Smoke gets in your eyes
Aylin Öney TAN - email@example.com
DHA photoAs the smoke of the past weeks begins to lift from Taksim square, many protesters were making jokes about getting withdrawal symptoms. The peppery fumes of tear gas have become a feature of Istanbul scene now, and it’s hard to imagine Taksim without it. But how did we get adapted to accepting the smoke so quickly! Actually, as I’ve written before on pot banging cacerolazo, it’s in our genes. Any open air space in a Turk’s hands can turn into a giant BBQ park.
Grilling, parching, roasting, burning... Kebabs, juicy meatballs, kokoreç – the grilled lamb intestines, döner kebap, you name it... Turkish street food is pretty much about grilling something on the side roads. At every corner there is some smoke rising, definisng the Turkish culinary landscape. It seems like hell for a vegetarian, but it is not always a carnivorous feast. Any food char-grilled on hot embers can be called a kebap. We even call roasted chestnuts and corn cobs as kebaps! So, it is more the passion for that burning feeling of smoke, the scorching heat rising from the burnt coal. Simply put: When it comes to food, we surely like to play with fire!
Kebaps are an important part of Turkish cuisine, loved not only for the wonderful taste of the charcoal grill, but also for the social atmosphere a fire creates. Every Turkish man is Sultan of his barbecue, whether in the garden, on a picnic, on the balcony or in any green patch of land near a sidewalk. They suddenly become aware of hunter-gatherer roots of mankind, turning into a heroic state of mind. Of course women are the gatherers as always, this time gathering all the litter and dirty dishes left behind.
Turks can turn any spot into a kebab ground. Their fanaticism in grilling can cause controversies as it did years ago in Germany. To the horror of Germans, Turkish “Gastarbeiters” started to occupy the park in front of the Reichstag in Berlin, regularly every Sunday if the weather was good, turning the serene greenery into a hellish grill party. It was not an #occupy Reichstag demonstration, it was simply picnic allaturca, Turkish Berliners enjoying their Sunday roast. Even the green road strip leading to the famed parliament was filled with keen grillers. It was to be banned shortly, but now kebabs are regarded as one of the typical street foods of Berlin, featured in most Berlin guidebooks.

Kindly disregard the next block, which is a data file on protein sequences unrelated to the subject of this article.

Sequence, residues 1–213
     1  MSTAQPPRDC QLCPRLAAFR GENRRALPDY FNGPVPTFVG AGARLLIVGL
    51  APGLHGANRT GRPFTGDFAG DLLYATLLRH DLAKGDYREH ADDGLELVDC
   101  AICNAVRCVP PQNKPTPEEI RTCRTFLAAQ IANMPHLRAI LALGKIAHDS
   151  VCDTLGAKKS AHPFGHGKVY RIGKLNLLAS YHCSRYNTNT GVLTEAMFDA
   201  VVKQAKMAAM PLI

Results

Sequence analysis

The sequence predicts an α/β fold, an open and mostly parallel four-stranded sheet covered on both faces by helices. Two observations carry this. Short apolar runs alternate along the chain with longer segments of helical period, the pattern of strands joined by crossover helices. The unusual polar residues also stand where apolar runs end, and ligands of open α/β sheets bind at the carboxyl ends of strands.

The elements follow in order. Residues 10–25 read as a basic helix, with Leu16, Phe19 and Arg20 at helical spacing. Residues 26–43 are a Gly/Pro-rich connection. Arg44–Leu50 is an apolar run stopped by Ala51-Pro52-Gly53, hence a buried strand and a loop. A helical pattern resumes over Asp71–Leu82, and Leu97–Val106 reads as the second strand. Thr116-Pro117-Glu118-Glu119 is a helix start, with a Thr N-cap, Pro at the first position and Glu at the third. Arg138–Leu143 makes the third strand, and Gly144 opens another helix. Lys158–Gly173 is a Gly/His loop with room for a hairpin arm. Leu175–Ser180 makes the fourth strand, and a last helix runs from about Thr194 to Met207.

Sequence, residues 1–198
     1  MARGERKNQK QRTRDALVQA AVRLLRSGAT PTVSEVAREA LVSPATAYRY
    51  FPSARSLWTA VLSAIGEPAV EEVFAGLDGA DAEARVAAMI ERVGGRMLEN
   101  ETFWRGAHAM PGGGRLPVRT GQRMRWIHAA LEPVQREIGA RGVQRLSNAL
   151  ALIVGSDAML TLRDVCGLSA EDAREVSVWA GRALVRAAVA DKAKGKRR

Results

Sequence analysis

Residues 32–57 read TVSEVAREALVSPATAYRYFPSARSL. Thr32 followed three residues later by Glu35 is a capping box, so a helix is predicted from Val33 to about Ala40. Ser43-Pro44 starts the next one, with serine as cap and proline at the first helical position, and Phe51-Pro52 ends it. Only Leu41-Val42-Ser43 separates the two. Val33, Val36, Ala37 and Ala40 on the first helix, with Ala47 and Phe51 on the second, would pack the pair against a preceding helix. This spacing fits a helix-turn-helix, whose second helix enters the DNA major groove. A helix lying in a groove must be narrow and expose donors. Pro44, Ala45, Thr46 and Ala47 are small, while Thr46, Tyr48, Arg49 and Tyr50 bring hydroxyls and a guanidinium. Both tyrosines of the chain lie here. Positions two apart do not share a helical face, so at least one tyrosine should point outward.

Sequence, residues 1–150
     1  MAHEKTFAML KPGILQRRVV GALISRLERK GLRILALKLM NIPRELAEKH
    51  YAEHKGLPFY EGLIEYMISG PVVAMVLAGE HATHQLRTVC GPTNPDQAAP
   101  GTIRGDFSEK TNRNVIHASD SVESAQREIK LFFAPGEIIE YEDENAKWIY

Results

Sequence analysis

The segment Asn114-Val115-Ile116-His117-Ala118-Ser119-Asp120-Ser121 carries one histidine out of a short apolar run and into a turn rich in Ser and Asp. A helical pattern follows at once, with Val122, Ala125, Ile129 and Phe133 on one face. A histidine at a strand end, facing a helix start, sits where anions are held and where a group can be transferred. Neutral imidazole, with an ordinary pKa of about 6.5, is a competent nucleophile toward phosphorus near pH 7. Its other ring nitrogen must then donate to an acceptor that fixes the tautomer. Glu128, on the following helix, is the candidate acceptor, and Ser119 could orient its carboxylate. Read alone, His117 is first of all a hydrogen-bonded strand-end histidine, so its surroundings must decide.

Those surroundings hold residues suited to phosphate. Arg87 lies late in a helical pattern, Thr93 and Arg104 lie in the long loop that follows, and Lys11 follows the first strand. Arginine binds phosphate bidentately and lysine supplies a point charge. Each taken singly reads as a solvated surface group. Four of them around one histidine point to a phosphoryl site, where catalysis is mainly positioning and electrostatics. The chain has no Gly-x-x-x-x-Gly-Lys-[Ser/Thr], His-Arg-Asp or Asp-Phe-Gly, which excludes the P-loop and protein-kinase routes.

When I feel the smoke rising from a grill house, I have a sudden feeling of homeland. That is what I keep complaining about to my Londoner food writer friend Fuchsia Dunlop. When I stay at her house in the north-east neighborhood of Kingston-Dalston, there is always a feeling of home in the air, not because of Fuchsia’s profound hospitality, but from the invading smells of Mangal Ocakbaşı, a famous Turkish grill joint, just around the corner. I always keep saying; “I do not feel like I am in London when I stay with you.”
In that sense, the Gezi protests were downright complete with smoky scenes that occupied parks and streets. No protester was a bit scared by the inferno created by police forces. Instead they felt at home, at ease with handling the smoke, knowing how to play with fire!
It is apparent that the towering rage of the masses will continue to smolder. Even water cannons cannot put the fire out. So let’s get the smoke in our drinks and foods, and in the eyes of the politicians that refuse to see the reality. It is time to occupy Taksim for the biggest Mangal party ever. Let’s get grilling or “mangalling” inspired by the trendy protest term “chapulling.” Keep the fire alive! Let the smoke rise!
Bite of the week
Fork of the Week: If you want to stay away from streets and squares but not don’t want to shut yourself closed indoors or malls, eating al fresco at Kanyon can be an alternative. There is no fire here but it’s possible get some smoke on your plate. The smoky Mediterranean taste of the week
comes from Carluccio’s. Their giant raviolis filled with a creamy paste of char roasted aubergines, smoked scamorza, matched with sun-ripened tomato sauce hits the point.
Cork of the Week: Smokiness in your glass can be an acquired taste. One of my favorite whiskies, Ardbeg, must be one of the smokiest, for some like licking a chimney, for me pure bliss! For this week’s drink make a Smoky Mary! This one was made for me by Tom Jones (no, not the singer!), the global Scotch ambassador of Diageo, and to my surprise it instantly made me feel at the right spot. Mix one part of Lagavulin 18 years old with two parts of tomato juice on ice. Stir and sip. No need for any other flavoring, you’re already on fire anyway. For a smoother version, Johnnie Walker Black Label.
Recipe and Buy of the Week: Firik: Smoky smoky parched unripe green
wheat. A taste to die for! The new harvest just arrived, for the best
and smokiest one from Gaziantep, I’ll give you my secret connection.
Have a Turkish speaking friend, dial Mustafa Almacı at 0532 650 80 90,
and order the best of firik in town and their fiery red peppers. His
recipe is to cook firik plain (without bulgur as some do).
Put one part of firik, with one and a half parts of water in a casserole with a generous pinch of salt, simmer covered very slowly until the cooking juices evaporate, add a generous tablespoon of clarified butter, toss and serve. Heaven in smoke!